In medieval Europe for example, sleep was often divided into two parts, with one-hour sleep sessions between sexual activities or meals. Currently, those in warmer climates like Spain, prefer an afternoon siesta to supplement the night's sleep.
In regions such as Asia, Africa, America, Southern Europe and parts of Scandinavia, its standard to practice a technique called 'co-sleeping,' in which children sleep very close to their relatives' arms.
Although this practice is considered strange for those who don't live in these places, some believe that co-sleeping has positive effects on adult behavior. Mothers in Mayan culture claim that their children feel connected to others, and this improves their ability to learn from them.
For the Anglo-Saxons, the 'co-sleeping' technique ceased in the middle of the 1800's because Americans learned children should sleep in separate rooms to develop independence. However, letting a baby cry alone can make him, or her, feel oversensitive, and this may disrupt the development of resilience.
Also, studies in different cultures have found that children who share a room with their parents between birth and five years of age are likely to be happier, more cooperative, confident and independent than children who sleep alone.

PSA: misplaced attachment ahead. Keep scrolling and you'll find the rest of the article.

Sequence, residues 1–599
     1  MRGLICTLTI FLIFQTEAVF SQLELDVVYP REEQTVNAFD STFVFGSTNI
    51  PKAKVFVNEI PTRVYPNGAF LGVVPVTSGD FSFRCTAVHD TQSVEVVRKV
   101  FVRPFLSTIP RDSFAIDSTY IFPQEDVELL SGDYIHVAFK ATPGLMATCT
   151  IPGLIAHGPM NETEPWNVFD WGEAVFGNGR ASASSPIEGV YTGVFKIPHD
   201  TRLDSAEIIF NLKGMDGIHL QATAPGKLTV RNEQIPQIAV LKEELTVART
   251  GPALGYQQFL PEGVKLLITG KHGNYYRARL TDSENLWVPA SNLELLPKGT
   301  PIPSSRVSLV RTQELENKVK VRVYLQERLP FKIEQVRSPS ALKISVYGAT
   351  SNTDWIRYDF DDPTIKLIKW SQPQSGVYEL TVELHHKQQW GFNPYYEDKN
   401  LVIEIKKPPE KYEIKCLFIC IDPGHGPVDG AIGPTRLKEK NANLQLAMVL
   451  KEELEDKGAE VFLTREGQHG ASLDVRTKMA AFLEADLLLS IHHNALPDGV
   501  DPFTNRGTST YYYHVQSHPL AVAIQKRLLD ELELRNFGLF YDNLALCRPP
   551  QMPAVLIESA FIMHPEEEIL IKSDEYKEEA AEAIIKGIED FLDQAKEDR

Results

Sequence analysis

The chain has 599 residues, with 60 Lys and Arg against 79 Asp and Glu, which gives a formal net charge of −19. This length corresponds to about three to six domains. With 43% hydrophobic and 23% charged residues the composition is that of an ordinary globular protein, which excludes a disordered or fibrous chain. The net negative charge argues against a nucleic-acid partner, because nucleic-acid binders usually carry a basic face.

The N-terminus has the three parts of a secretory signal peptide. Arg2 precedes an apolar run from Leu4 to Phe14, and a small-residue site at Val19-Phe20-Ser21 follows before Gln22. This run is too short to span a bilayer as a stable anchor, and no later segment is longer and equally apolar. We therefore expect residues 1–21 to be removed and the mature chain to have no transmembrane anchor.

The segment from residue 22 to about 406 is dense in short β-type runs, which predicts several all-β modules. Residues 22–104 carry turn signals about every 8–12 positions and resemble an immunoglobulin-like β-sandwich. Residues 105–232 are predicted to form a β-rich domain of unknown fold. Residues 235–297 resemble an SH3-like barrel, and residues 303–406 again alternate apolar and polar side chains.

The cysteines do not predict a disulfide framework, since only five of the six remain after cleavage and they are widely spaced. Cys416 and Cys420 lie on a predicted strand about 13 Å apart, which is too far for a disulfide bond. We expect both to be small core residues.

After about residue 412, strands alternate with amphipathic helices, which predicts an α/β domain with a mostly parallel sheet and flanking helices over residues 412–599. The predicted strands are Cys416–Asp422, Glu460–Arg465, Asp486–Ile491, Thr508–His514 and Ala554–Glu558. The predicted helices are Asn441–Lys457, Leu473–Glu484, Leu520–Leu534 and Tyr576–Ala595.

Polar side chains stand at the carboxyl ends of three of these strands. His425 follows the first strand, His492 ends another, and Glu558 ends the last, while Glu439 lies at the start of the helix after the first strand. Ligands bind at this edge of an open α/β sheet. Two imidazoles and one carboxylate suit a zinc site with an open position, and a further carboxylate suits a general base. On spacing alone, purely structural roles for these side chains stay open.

Scientifically speaking, sleeping is a floating state that has two main forms: rapid eye movement (REM) and slow waves (SW). These shapes alternate between five and six times a night, on average every 90 minutes.
Both states are described by two characteristics: attenuated responses to external stimuli and the ability to wake up. These characteristics differentiate these states from others as the comma.
REM sleep gets its name from rapid eye movement. This is the most active state of sleep, and it warms our brain, requiring other states to calm it down. At REM, our dreams are vivid and abundant.
Neuroscientists Antti Revonsuo and Patrick McNamara have discovered that we also use REM to learn. Revonsuo believes that REM dreams, such as dreaming that you are fleeing from an earthquake, function as a method to rehearse and refine survival strategies. McNamara sees REM dreams as versions of past events that can be interpreted as a learning process.
On the other hand, SWS, slow-wave sleep is a deep sleep, which represents slow, high amplitude, and synchronized brain waves. And it's much harder to wake up in this state. SWS is our most restorative form of sleep, and it also burns fat, which explains why not getting enough sleep can lead to obesity. It's probably our most needed form of sleep, and during SWS, our dreams are fragmented and vague.
As for those over the age of 50, the amount of SW sleep begins to decrease with time. In fact, about a quarter of the population over 50 no longer have SW sleep. This may be a characteristic factor of aging, as well as decreased muscle tone and physical strength, increased body fat, memory loss, and decreased immunity.